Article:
The Cicero Brexit Insights team is producing regular updates, comment and insight on both the broad themes and the technical detail of Brexit. We aim to give readers a clear view of the issues and challenges as they are seen in Brussels, London and Member States. This week our UK team considers developments on transitional arrangements and our EU team analyses whether Brussels may look to speed up negotiations following disappointing progress so far.
The last two negotiation rounds in Brussels have led to accusations that the UK team is woefully unprepared, and the feeling was encapsulated no better than the photo of David Davis and the UK team sitting in front of Michel Barnier without any notes or papers before the discussions began last month. The Government though are expected to attempt to diffuse these suggestions by publishing a number of position papers in the coming weeks. These papers would include issues such as Northern Ireland, customs agreements, goods and service arrangements, the digital economy, and data protection. If these papers are not more substantive, those domestically from across the political spectrum, and in Brussels, won’t be impressed. Furthermore, in Brussels the UK’s lack of a current position on the financial settlement continues to be a source of annoyance, and there is a growing feeling the time has come for the UK to show its hand. Reports last weekend that it would offer £36bn if the bloc agreed to start negotiating a post-Brexit trade deal were watched closely in Brussels, and was the first real signs of a number the UK was prepared to pay. However the reaction by Eurosceptic Tory MPs to these suggestions will not fill the government with confidence that a compromise can be amicably reached.
Clearly once Parliament returns, Theresa May will have a number of big decisions to make on transitional arrangements, the financial settlement, and Northern Ireland to name just a few, so as to get things moving in the negotiations. The backdrop of the Conservative Party Conference and Cabinet splits on a number of the above issues is unlikely to help. However, time continues to tick and with little still known on what the UK wants from all of the above Theresa May must now start dragging her Cabinet to some agreed positions.
When it comes to Cabinet splits, Cicero this week received global coverage of the analysis we did of where the Cabinet stands on transition arrangements. Our analysis, appearing in The Financial Times, Bloomberg, and The Daily Express argued Cabinet is now split into at least three groups over how Britain should arrange a transition period. The Chancellor Philip Hammond is leading the call for an “off the shelf” model, backed by the majority of the Cabinet, while the International Trade Secretary Liam Fox has called for a much looser transition deal with Theresa May as well as the likes of Damien Green, and David Davis trying to pull these two positions together.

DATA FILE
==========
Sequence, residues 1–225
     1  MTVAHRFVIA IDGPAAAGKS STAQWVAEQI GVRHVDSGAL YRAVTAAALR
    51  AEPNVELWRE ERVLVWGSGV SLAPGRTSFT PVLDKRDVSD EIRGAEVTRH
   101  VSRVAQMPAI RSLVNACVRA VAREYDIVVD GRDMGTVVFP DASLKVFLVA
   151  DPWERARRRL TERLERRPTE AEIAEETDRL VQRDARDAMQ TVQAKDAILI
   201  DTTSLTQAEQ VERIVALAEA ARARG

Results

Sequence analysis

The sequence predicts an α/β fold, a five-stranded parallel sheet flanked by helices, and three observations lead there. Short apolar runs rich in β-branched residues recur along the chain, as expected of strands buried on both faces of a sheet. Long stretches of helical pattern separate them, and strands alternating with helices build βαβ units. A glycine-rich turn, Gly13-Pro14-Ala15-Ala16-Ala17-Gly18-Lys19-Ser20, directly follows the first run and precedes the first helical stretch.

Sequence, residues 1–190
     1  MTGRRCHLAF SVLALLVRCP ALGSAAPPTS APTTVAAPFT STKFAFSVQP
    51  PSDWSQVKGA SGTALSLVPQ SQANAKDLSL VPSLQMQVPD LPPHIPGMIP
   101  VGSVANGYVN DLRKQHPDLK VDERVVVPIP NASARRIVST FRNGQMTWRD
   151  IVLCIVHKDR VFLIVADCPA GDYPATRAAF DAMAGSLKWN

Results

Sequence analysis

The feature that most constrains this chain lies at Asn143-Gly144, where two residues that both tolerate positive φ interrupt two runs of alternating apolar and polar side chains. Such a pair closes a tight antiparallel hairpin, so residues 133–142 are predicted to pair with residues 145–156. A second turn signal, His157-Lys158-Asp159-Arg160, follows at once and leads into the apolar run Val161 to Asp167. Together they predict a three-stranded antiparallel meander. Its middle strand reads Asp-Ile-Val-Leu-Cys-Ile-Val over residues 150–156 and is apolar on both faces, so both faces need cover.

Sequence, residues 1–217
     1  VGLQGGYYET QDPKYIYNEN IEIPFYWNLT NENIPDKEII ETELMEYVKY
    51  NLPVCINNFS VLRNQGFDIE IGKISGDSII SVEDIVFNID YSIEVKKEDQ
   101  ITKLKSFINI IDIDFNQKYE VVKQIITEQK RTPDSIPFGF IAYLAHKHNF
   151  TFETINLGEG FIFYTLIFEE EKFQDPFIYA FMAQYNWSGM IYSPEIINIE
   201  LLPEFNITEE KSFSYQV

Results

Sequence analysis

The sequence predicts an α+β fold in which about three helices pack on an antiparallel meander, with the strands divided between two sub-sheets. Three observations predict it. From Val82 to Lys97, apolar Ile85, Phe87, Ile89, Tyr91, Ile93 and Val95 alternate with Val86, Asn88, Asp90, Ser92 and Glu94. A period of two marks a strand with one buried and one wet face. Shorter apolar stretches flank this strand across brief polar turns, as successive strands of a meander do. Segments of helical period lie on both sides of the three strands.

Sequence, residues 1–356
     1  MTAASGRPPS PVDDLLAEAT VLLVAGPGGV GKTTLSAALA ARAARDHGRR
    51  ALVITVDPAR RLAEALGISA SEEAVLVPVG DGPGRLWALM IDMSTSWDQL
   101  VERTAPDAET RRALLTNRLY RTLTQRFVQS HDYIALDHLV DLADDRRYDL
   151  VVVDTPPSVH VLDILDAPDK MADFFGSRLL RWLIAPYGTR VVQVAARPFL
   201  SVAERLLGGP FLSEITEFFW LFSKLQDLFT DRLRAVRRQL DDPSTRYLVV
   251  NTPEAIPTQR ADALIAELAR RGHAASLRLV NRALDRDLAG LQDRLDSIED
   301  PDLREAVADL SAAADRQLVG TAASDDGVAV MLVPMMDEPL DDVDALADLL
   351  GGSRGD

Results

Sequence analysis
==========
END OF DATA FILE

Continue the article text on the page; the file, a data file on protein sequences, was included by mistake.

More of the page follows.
Mr Barnier must be a little bit pleased to see that UK cabinet members have heeded his warning, following the second round of Brexit negotiations, that it was beginning to look less likely that come October parties would have reached the ‘sufficient progress’ milestone that will allow talks to move on to the topic of UK-EU trade relations.
With the Prime Minister being out of town on holidays, key figures on the UK scene have upped the intensity of debate and reflected on the workability of the various suggestions for a transitional arrangement for Britain. Looking ahead at the last week of August when a third meeting round of chief negotiators is scheduled to take place, Brexit Minister David Davis will want to avoid a repeat of leaving audiences with the general perception of his team being unprepared.
Citizens’ rights have reportedly now been identified as the first area where negotiations can be successful. The financial settlement and the Irish border are the other two hurdles to overcome in the short term. That is, if EU plans remain unchallenged internally and it remains convinced that its approach as set out is workable. This is something the UK has always contested, pointing at the links between EU external trade borders and the Irish border, as well as a preference on the UK side to let financial settlement depend on the shape of a transitional agreement over trade.
The latter has been a contentious issue all along, firstly because of the EU view that a new relationship can only be contemplated after a clean divorce, and secondly because the financial consequences of Brexit for the remaining EU27 are of key political significance in the Member States and therefore a potential threat to EU unity.
If nothing has changed in the EU’s negotiating philosophy, the lack of movement so far on producing a UK position paper on the financial settlement will be seen by the EU as worrying.
An interesting suggestion however reported by the Telegraph as coming from Brussels sources described the possibility of a 40bn euro Brexit bill that could double as the UK’s ticket for joining the European Economic Area during a transitional phase from March 2019. If this idea were to gain traction, it would be a somewhat significant move from the EU, accommodating the UK’s domestic political need for a deal that can be defended as reasonable, whilst preventing immediate disruption for businesses on both sides of the Channel.
While the UK spends the next two weeks signing off on a suite of position papers it hopes will help in getting Barnier to say ‘yes’ to staying on schedule for entering the next phase of talks, the EU may well be busy testing the ‘exit bill for market entry’ compromise among its 27 members.